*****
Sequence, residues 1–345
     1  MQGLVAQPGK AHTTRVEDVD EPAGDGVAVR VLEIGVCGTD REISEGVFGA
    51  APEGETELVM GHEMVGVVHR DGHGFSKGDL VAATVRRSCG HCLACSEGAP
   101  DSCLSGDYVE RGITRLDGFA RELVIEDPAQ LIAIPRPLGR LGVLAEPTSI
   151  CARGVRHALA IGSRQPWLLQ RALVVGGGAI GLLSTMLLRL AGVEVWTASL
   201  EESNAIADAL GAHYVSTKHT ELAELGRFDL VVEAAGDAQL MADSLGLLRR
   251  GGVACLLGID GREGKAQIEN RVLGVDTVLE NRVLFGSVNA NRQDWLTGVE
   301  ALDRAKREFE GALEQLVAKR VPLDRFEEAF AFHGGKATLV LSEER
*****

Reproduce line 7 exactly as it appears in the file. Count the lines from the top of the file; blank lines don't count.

   251  GGVACLLGID GREGKAQIEN RVLGVDTVLE NRVLFGSVNA NRQDWLTGVE